SURFLEET ST LAURENCE
The present church, built to replace a Norman church on the same site, was thought to have been built in the middle of the 13th Century (AD 1260).
There are three distinct styles of Gothic architecture at Surfleet St Laurence - Early English (1180-1275), Decorated (1300-1350) and Perpendicular (1350-1480).
The leaning tower, with its peal of twelve bells, is six feet four and a half inches out of perpendicular and quite the most distinctive feature of the church.
Inside the church is the tomb of Sir Hugh - a survivor of the Battle of Crecy, who in gratitude for his safe return endowed Surfleet St Laurence with funds to add a spire to the already alarmingly leaning tower, which had by then stood for nearly a hundred years.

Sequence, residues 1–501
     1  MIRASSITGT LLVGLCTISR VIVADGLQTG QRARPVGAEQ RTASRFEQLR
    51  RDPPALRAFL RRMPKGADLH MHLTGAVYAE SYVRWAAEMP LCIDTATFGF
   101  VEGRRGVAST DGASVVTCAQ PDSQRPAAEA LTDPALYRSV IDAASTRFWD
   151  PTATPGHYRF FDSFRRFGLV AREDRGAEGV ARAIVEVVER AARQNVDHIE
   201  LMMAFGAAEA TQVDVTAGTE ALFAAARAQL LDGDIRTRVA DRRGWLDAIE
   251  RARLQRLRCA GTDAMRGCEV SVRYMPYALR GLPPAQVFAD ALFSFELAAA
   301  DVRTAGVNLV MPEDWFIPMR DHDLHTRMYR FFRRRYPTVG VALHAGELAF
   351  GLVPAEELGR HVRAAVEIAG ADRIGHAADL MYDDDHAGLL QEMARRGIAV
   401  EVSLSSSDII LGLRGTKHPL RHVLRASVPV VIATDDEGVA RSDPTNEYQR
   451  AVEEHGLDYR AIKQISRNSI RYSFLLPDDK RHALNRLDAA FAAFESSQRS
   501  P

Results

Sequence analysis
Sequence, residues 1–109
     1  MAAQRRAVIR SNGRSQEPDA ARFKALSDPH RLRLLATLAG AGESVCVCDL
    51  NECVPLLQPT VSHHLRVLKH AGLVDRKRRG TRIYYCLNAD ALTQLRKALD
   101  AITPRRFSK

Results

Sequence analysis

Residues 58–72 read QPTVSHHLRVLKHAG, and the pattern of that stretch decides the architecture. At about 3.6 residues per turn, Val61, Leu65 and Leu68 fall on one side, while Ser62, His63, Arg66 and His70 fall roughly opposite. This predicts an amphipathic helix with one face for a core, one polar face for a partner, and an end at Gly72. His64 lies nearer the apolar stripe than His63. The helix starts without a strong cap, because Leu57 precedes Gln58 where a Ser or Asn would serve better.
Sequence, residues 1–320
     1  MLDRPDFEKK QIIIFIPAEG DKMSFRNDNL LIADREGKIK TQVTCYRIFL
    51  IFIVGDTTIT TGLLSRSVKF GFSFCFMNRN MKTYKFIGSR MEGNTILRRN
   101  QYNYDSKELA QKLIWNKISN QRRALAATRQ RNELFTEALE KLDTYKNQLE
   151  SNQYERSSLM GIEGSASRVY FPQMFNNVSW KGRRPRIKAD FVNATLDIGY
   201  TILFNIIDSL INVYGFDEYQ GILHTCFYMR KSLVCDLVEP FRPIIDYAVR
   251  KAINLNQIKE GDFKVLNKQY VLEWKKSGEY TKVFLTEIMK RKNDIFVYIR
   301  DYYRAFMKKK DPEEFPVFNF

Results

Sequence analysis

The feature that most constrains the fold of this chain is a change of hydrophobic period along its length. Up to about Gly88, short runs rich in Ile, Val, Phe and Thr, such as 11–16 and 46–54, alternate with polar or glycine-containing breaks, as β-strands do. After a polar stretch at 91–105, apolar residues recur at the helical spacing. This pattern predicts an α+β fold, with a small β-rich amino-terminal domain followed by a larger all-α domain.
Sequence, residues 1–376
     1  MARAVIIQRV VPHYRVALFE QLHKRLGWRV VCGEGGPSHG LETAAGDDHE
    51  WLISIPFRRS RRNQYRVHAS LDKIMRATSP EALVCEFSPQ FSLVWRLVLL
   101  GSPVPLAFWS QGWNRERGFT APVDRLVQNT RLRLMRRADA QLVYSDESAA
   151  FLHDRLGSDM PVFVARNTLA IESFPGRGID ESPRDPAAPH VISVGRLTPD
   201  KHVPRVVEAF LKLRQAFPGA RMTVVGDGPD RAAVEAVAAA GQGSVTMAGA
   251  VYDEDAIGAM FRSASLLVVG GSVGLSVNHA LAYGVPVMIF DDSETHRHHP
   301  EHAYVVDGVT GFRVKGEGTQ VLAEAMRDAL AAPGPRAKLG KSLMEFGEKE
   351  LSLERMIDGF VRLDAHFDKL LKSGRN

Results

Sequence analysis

The early 15th Century saw more alterations because of concern for the west end of the church. The north aisle was shortened by one bay and the western piers were buttressed to relieve the pressure on the tower.
Surfleet St Laurence suffered some damage during the Civil War; one of the doors shows evidence of the strike of musket balls, while the nave was used as a stable for parliamentarian horse.
In the open churchyard, with its garden of remembrance for the interment of cremated remains, stands The Fraiser Room - once a schoolroom endowed in 1764 for the education of 20 poor children of the Parish, and now used as a community meeting room.
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